Liz: Alex is ten years old. He lives in Texas. He shared his most recent school project with us. It’s a great project and a fantastically clear tutorial: we thought you ought to see it too.
My Mom wanted a Nixie Clock, and I needed to do a project for school. I had a Raspberry Pi I wasn’t using, so I built a Nixie Clock. It took me about 2 months.
My Dad ordered some Nixie tubes and chips from Russia, and bought a 170V power supply to power the Nixie tubes. The first thing to do was to test them:
To start with I installed a tube, chip and power supply onto a breadboard. The chip has 4 input lines (A, B, C, and D) that are used to tell it which number to light up. For example in binary 7 is 0111, so you need to set input A to high, B to high, C to high and D to low (A=1, B=2, C=4 and D=8) to light up the number 7. I tested the first one by using a jumper cable to connect the 4 inputs to either 0V (low) or 5V (high).
Once I knew the first tube and chip worked, I wrote a program on the Rasberry Pi to test them. I used 4 GPIO pins, wired to pins A,B, C and D on the chip. My program would loop through the numbers 0 to 9, and turn on/off the pins by converting to binary using logical AND’s.
Once I had the program working, it was easy to test all the chips and Nixie Tubes. Everything worked, except one tube – the 3 and the 9 would light up at the same time. So I used this for the first digit for the hours, since that only ever needs to show 1.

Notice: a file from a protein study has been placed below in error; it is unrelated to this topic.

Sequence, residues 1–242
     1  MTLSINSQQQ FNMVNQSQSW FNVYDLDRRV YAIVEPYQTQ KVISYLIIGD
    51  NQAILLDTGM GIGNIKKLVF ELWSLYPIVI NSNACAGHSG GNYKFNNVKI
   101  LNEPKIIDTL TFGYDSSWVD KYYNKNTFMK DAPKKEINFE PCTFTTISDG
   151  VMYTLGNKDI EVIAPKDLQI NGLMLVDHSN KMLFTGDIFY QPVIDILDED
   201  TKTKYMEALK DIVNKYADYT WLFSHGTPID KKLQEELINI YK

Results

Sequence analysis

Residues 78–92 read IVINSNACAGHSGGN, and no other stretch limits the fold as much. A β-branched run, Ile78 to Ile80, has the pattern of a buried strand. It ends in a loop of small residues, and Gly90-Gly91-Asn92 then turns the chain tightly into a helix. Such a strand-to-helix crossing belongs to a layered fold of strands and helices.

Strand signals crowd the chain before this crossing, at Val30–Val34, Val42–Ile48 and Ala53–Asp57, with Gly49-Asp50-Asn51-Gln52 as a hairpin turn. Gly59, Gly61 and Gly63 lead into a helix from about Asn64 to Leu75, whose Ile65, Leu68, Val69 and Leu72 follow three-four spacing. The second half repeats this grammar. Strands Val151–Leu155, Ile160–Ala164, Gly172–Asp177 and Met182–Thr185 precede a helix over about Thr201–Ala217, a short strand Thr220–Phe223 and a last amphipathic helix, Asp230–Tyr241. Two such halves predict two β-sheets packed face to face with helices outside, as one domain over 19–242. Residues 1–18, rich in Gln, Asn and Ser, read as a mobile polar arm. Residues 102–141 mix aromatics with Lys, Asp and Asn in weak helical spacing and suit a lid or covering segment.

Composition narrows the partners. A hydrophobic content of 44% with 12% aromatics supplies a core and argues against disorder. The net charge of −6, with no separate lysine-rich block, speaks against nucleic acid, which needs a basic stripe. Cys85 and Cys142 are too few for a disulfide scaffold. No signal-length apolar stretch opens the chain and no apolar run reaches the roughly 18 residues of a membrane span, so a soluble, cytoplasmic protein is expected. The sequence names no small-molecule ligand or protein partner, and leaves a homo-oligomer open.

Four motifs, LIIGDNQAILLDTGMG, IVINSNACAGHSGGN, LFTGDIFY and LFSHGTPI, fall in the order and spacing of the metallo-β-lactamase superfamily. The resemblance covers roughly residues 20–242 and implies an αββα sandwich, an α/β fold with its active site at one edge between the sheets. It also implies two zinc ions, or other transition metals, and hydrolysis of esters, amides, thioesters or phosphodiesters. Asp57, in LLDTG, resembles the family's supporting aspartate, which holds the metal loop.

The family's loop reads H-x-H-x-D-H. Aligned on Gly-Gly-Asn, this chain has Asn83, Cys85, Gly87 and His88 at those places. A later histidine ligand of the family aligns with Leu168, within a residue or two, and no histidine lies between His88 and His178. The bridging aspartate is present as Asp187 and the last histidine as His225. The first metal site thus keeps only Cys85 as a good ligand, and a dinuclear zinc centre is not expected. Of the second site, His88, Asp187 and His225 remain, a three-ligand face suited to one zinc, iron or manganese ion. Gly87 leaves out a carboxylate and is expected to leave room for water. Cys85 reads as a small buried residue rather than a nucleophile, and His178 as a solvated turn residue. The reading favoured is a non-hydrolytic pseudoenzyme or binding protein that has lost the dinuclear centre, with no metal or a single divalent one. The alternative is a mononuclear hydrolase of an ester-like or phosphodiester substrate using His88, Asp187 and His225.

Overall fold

When the Raspberry Pi starts up, it automatically starts my clock program.
I wrote the clock program in C using the geany editor.
When the program starts, first it sets all the digital pins to OUTPUT and LOW to make sure everything is off.
Then I turn on pin 0, which turns on the high voltage power supply using a transistor.
Then I test the clock, which makes the hours show 1 to 12, and minutes 0-59.
Then I start the loop. Once every second I do the following:
Ask the computer the time (if it is connected to the internet, it will always show the right time).
The hours come back as a number between 1 and 23, so if the hour is bigger than 12, I subtract 12 from it.
Then I break out the hour into 2 digits, and the minutes into 2 digits. The first digit is the quotient of the hour divided by 10. The second digit it the remainder of the hour divided by 10. Then I do the same for the minutes.
For each number, I have to convert it into binary (for example 7 is 0111 in binary). Each number has up to 4 wires, each wire is for a binary digit. If the digit is 0 the pin/wire is set to LOW, if it is a 1 it is set to HIGH. So for the number 7 the wires are LOW, HIGH, HIGH, HIGH.
These wires are soldered to the driver chip. The chip has 10 switches in it, one for each number in the Nixie Tubes. These switches are connected to the chips with yellow wires. The chips look at the 4 wires to see which binary number it is, and then switches on the correct light in the Nixie Tube.
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